Root Canal Treatment

A tooth that has become very infected or decayed may require a root canal treatment. Root canal therapy is a treatment that involves the removal of the damaged nerve and pulp, and then cleaning and sealing the area after.

The root canal is the cavity at the center of the tooth. Inside it are the tooth’s nerve and a pulp. Each tooth has a different number of nerves, with each tooth having one to four nerves. The only function that the nerve has is feeling the sensation of hot or cold. Removing it will not affect the health and function of the tooth.

Infection due to cavity is the usual reason why root canal therapy is needed. When a cavity worsens, it affects the pulp and the nerve of the tooth, causing bacteria to multiply and tooth decay and eventually leading to infection. Trauma, a crack in the tooth, deep fillings and repeated dental procedures can also cause damage to the nerve and pulp that will require root canal therapy.

You might need root canal therapy if you are experiencing toothache when you chew or apply pressure, darkening of the tooth, swelling of the gums near the affected tooth, prolonged sensitivity to hot or cold and frequent appearance of a pimple on the gums. If you are suffering from these symptoms, consult your dentist immediately.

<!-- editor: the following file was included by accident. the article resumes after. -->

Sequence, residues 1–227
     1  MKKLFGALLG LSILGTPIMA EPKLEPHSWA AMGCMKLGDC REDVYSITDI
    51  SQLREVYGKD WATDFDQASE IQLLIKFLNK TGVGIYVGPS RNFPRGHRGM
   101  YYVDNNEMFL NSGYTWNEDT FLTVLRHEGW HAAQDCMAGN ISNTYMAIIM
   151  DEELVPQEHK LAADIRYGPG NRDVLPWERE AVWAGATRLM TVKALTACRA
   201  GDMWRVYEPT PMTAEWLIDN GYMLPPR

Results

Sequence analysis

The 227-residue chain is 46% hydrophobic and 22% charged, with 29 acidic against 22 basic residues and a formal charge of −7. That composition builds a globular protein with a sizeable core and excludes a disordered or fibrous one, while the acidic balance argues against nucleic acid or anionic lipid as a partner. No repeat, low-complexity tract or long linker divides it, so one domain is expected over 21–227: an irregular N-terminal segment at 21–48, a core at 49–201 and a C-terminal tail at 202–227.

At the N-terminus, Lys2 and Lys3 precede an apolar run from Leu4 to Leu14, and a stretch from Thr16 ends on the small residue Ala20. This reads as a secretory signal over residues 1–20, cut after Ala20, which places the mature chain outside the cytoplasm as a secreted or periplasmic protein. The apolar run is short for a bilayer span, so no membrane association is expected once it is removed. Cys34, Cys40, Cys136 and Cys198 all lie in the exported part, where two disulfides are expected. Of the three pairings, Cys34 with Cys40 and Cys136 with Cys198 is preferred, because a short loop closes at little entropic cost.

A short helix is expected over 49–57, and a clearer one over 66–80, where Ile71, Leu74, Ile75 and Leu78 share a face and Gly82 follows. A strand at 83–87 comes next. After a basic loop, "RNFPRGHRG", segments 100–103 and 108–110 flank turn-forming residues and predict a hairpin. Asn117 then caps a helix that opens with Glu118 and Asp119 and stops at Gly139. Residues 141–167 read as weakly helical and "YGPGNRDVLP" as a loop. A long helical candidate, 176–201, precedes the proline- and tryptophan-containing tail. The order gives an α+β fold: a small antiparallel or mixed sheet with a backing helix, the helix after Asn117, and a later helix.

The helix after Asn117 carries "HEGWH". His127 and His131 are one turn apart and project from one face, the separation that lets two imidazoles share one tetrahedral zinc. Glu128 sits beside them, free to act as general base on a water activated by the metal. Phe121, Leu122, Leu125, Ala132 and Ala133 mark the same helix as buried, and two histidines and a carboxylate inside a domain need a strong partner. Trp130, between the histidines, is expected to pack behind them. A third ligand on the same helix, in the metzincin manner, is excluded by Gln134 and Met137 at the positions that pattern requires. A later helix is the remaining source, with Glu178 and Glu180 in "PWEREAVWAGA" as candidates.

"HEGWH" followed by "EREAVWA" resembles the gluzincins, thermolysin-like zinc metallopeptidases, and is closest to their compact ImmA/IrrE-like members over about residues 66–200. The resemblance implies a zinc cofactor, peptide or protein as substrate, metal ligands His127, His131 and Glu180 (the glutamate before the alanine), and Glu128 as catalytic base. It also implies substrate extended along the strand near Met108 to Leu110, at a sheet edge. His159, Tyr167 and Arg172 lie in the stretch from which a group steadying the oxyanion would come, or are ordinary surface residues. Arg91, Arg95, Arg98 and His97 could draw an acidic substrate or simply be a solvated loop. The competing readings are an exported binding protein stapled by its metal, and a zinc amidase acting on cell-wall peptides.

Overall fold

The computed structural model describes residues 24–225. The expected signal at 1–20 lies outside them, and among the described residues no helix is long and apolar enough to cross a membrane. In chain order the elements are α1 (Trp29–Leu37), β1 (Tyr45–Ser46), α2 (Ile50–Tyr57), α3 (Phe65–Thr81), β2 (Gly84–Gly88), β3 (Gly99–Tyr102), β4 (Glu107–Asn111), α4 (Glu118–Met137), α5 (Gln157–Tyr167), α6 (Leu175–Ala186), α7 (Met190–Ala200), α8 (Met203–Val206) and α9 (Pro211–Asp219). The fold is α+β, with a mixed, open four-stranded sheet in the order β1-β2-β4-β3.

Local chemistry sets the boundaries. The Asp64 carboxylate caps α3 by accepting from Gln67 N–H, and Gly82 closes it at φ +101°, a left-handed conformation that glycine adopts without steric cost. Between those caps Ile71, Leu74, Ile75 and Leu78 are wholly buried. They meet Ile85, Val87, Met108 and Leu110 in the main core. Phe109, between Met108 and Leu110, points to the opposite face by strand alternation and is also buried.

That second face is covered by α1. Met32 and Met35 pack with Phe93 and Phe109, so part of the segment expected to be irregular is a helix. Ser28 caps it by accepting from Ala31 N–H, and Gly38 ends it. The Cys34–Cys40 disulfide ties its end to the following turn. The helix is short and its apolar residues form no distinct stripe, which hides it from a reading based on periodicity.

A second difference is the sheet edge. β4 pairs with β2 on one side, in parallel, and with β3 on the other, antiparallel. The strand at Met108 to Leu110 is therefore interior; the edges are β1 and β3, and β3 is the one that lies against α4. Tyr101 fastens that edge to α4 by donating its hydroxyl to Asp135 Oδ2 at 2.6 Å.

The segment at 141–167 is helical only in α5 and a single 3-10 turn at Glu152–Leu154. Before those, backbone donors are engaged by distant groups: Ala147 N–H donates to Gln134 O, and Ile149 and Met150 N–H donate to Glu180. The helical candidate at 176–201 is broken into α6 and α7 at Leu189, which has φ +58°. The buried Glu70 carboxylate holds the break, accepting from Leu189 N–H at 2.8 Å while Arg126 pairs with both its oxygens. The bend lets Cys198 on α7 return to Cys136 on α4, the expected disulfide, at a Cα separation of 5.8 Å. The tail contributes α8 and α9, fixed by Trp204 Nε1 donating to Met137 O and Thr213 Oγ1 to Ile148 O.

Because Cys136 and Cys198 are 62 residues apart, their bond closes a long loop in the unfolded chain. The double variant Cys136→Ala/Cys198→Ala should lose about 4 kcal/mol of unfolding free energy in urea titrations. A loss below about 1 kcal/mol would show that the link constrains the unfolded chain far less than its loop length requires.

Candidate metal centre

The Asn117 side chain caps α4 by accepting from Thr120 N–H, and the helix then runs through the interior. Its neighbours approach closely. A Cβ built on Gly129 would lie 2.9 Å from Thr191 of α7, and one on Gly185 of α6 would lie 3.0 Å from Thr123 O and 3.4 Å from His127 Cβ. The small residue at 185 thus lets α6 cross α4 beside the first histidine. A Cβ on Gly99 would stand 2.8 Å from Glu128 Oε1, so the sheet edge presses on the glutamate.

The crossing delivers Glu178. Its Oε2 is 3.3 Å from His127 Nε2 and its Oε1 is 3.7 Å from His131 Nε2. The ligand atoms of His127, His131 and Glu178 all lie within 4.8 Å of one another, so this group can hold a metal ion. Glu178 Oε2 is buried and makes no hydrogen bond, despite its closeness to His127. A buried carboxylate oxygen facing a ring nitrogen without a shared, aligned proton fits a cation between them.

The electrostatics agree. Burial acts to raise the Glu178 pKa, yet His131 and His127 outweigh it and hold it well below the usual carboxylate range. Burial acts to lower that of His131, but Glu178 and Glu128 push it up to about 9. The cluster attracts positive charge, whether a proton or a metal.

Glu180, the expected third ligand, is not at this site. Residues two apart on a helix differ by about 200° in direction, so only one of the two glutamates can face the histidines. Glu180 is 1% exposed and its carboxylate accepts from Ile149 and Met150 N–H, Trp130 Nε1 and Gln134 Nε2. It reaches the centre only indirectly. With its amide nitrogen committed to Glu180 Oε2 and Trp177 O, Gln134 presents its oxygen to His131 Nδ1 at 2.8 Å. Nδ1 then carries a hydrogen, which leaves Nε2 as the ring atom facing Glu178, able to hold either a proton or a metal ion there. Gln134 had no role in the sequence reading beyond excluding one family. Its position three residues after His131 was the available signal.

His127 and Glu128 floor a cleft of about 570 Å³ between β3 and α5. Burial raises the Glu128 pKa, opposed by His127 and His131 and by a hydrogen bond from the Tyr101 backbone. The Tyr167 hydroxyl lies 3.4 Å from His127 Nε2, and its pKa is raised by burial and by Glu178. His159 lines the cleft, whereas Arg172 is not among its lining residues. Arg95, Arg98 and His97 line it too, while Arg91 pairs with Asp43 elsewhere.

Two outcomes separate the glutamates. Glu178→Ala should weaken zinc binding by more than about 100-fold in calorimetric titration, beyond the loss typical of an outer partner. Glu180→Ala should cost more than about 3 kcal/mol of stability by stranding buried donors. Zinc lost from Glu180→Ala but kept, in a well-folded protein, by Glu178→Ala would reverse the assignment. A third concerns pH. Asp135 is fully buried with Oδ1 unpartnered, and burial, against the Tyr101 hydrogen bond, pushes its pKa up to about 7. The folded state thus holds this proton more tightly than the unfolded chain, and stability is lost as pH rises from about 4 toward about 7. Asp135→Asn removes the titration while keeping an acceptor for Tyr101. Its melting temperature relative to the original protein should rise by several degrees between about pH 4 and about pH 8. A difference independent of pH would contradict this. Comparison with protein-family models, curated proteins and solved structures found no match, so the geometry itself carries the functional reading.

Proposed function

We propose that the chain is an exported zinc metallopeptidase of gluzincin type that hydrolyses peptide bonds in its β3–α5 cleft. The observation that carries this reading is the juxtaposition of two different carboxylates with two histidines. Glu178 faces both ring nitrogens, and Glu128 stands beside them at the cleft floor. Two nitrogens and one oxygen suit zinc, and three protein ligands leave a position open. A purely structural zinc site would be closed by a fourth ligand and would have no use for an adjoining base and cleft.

The pain due to nerve and pulp damage may eventually go away because the tooth is already dead. One alternative to a root canal treatment is to actually let it go untreated. However, this may cause worse pain and infection in the future. Another alternative is to have the tooth extracted entirely. This may also be the only option if the tooth structure has already severely deteriorated.

What happens during a root canal treatment?

First, an x-ray will be needed to determine the affected areas, the shape of the root canals and if the surrounding bone areas are infected. During the procedure itself, a local anesthesia will be injected to numb the area. Then, an opening will be drilled on the crown to access the pulp. A root canal file and water or sodium hypochlorite will be used to remove the infected pulp, nerve tissue and other debris. The canals will also be cleaned, formed and plugged by filling it with a permanent material. The access hole will also be sealed using a filling. A crown, that may possibly require a post to stabilize it, may be needed in order to restore the tooth.

Contrary to what most people say, getting a root canal treatment is not as painful as you might think. It is usually described to be on the same level of pain as getting fillings. However, the entire treatment may involve more than one visit to your dentist over a couple of weeks. There are cases when the dentist may ask you to come back after a week to finish sealing the tooth. One reason why the dentist may do this is to treat the infection inside the tooth first before sealing it.